Spatial Transcriptomics Reveal Potential Sex Differences in Supraoptic Nucleus Gene Expression of Adult Rats

Date

2022

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Nguyen, Dianna H.
Phillips, Nicole
Cunningham, Joseph

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Abstract

Purpose: The supraoptic nucleus (SON) of the hypothalamus contains magnocellular neurosecretory cells that play a key role in the regulation of fluid and electrolyte homeostasis. Although there are many well-known sexually dimorphic regions of the hypothalamus, little is known about possible sex differences in gene expression in the SON. Our study aims to address this knowledge gap by leveraging spatially-resolved transcriptomics to better visualize gene expression profiles of cells in the SON of male and female rats and gain insight on their physiological functions without sacrificing morphological context. Methods: Visium Spatial Gene Expression (10x Genomics) was used to obtain spatially-resolved gene expression data for the SON of adult male (n=4) and female (n=4) Sprague-Dawley rats. Briefly, each brain was sectioned at 10µm thickness to collect coronal sections (~4x4mm) containing the SON and other brain structures. Each section was then mounted on the capture areas of Visium slides containing probes that bind mRNA. Next, the sections underwent the following workflow: 1) sample staining and imaging, 2) cDNA library preparation, 3) sequencing, and 4) analysis/data visualization. Data were analyzed using 10x Genomics' Space Ranger and Loupe Browser applications and other bioinformatic tools. Results: Gene cluster analysis successfully differentiated myelinated fiber tracts from nuclei and identified several distinct neuronal populations in the coronal brain sections from both male and female rats. From the list of significant genes after performing differential expression analysis on the SON region via Loupe Browser, 22 genes (e.g., Avp and Oxt) were common to both sexes, 24 genes were unique to the females, and no genes were unique to the males. Gene Ontology (GO) Enrichment and pathway analyses revealed GO terms and pathways related to: 1) neurohypophyseal hormone activity, regulation of peptide hormone secretion, and regulation of ion transport for the significant genes common to both males and females and 2) endomembrane system and glycerophospholipid metabolism pathway for the significant genes unique to females, as some examples. Further interrogation of the significant genes with Ingenuity Pathway Analysis showed some overlapping networks and common upstream regulators; however, differences between the male and female groups were also identified in upstream regulators, such as Creb, Pka, and LEPR unique to the males and insulin, Cdkal1, and HIF1A unique to the females. Conclusions: These spatially-resolved transcriptomic data suggest potential sex differences in SON gene expression that may be associated with basic endomembrane structure and function and phospholipid metabolism/signaling. Future spatial transcriptomic studies will investigate changes in SON gene expression that contribute to sex differences in cellular mechanisms involved in body fluid homeostasis and possibly pathophysiology.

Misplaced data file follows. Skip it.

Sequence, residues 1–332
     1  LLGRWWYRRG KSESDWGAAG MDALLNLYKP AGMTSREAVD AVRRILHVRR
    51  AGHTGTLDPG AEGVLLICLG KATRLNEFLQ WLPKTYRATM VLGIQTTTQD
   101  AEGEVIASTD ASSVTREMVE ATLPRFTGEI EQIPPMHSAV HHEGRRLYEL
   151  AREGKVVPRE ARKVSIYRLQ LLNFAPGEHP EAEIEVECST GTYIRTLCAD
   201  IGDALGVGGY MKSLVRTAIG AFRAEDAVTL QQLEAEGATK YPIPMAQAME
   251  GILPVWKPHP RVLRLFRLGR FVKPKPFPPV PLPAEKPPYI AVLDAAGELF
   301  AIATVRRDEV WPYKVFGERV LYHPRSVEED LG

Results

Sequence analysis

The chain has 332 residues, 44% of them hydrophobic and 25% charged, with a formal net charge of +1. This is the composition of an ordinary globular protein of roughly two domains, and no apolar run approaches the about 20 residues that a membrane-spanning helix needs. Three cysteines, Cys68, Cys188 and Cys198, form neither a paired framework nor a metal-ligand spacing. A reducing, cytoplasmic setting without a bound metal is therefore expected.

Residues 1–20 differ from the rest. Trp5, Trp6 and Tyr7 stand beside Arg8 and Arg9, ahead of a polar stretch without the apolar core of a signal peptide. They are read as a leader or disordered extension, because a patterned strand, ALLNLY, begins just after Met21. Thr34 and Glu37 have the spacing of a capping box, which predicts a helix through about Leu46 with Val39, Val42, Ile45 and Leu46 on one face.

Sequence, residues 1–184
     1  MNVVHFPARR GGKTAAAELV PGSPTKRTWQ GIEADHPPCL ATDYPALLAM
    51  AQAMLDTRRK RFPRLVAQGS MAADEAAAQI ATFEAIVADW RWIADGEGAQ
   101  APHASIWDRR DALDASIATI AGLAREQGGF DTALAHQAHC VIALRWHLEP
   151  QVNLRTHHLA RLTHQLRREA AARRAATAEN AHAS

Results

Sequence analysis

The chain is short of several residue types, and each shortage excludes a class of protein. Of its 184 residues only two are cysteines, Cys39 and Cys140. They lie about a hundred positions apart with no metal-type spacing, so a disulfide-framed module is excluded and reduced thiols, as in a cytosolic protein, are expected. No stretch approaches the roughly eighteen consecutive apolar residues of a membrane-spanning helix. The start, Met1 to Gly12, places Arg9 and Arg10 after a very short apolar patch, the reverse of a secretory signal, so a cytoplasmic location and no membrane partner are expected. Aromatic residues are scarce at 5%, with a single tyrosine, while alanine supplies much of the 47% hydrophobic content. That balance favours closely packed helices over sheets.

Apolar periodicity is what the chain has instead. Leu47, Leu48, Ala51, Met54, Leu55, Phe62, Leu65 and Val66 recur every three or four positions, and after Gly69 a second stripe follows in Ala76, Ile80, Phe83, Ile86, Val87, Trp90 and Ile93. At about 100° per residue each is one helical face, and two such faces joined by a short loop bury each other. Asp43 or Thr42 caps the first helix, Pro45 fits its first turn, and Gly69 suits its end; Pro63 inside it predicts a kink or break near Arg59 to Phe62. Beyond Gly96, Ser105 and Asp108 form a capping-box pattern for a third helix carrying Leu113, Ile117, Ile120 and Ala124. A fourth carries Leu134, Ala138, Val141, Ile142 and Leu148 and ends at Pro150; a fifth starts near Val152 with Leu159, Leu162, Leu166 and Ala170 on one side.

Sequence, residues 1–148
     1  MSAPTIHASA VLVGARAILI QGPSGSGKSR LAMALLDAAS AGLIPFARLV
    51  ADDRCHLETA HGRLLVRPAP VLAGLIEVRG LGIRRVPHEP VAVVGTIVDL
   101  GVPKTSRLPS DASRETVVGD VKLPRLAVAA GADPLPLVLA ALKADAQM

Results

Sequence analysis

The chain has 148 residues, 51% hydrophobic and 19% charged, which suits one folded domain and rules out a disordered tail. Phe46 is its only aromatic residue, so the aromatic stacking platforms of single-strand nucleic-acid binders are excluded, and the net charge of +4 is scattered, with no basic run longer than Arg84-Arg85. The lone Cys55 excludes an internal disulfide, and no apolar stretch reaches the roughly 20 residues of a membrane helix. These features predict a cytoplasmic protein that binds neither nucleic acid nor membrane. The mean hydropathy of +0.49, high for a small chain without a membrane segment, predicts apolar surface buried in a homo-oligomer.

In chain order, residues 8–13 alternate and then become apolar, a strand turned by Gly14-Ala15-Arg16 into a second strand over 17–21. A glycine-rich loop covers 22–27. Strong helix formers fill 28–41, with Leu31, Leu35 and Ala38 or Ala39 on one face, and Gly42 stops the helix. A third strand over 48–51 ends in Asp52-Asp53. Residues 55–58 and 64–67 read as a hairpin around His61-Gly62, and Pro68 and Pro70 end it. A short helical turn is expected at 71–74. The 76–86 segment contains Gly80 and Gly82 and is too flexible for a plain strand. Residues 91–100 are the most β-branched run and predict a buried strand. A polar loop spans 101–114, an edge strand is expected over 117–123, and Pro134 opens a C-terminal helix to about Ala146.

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Research Appreciation Day Award Winner - 2022 School of Biomedical Sciences, Department of Physiology & Anatomy-Integrative Physiology Program - 1st Place

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